Trump’s in Colorado, I hear. Unloaded on the fire inspector of Colorado Springs for enforcing the crowd limit in the venue that Trump was holding his rally. Sounds like a “too many to pack in” brag of crowd size to me. But the games in the upcoming campaign are going to become sharp-elbowed and complex.

    The final destruction of the Islamic State in Raqaa and Mosul could happen before November and could suck the wind out of the Terra faction in both parties. That is why the warhawks are hoping that the destruction of the Islamic State produces a wave of terrorist attacks trackable to Daesh.

    There are lots of different propaganda plays going on that seek to affect the US election. Some in the US national security institutions are not pleased at all with the Obama administration’s nod-nod wink-wink tolerance of Russia’s free hand in Western Syria (although it is really a fait accompli of a legitimate ally of Assad and the established government of Syria). That explains a lot of Kerry’s inconsistency in direction. As a practical matter, having Russia as a tacit ally clearing western Syria of terrorists aids US objectives but undercuts the US position that Assad has lost legitimacy. The Obama administration has fostered ambiguity on that score for a year and a half. Given the Graham-McCain chorus, that has also been driven by domestic political considerations.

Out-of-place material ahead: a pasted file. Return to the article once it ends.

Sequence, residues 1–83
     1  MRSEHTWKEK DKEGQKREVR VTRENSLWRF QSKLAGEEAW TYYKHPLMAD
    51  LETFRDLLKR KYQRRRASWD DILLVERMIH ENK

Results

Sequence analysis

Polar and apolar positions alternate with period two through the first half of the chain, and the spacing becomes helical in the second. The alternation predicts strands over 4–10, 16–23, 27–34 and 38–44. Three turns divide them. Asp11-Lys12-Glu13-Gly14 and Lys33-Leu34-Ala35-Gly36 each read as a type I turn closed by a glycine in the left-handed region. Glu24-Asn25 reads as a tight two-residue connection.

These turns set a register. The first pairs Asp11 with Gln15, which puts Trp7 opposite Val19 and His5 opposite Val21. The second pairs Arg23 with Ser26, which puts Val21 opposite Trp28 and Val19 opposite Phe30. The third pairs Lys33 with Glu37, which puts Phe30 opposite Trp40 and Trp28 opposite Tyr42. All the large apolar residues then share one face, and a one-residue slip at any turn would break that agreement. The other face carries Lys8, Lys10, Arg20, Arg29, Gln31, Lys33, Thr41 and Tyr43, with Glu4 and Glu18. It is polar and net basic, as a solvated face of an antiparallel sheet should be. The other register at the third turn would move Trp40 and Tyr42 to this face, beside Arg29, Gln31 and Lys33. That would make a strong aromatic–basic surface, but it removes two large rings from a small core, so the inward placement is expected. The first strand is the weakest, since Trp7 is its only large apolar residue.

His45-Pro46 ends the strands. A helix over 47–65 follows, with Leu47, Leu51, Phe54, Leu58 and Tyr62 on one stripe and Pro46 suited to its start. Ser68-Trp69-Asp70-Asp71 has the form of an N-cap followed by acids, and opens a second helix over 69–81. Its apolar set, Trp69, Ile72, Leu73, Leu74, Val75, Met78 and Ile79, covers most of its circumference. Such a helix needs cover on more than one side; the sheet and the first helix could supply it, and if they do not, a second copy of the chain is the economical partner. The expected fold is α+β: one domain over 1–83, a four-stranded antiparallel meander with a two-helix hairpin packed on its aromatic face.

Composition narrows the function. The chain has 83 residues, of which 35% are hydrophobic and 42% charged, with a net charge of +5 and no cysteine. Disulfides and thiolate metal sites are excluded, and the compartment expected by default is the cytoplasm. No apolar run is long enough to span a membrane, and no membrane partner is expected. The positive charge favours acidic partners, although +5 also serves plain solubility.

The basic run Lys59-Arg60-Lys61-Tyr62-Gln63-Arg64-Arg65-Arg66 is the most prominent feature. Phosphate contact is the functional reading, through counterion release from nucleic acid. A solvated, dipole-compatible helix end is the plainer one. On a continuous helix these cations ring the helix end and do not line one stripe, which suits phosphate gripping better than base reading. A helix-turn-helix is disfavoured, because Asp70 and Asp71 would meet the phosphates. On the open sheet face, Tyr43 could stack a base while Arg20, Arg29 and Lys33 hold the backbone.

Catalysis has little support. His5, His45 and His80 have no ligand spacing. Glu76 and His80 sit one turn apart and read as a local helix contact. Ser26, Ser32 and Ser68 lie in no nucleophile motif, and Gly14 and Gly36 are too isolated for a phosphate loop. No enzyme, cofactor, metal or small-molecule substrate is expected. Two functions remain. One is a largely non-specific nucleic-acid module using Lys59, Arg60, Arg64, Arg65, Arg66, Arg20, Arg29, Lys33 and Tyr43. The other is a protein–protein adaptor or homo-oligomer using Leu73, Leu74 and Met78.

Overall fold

• i appreciate your comment even though i haven’t read it yet, amigo.

      chirren and grandchirren have left for home…i’ve put up a new diary, and i yam exhausted. i have a date w/ inspector lewis and ‘the tunnel’, and hope to sleep, oh please! afterward. iow: tomorrow, when first light breaks…i’ll read and (hopefully) be able to respond.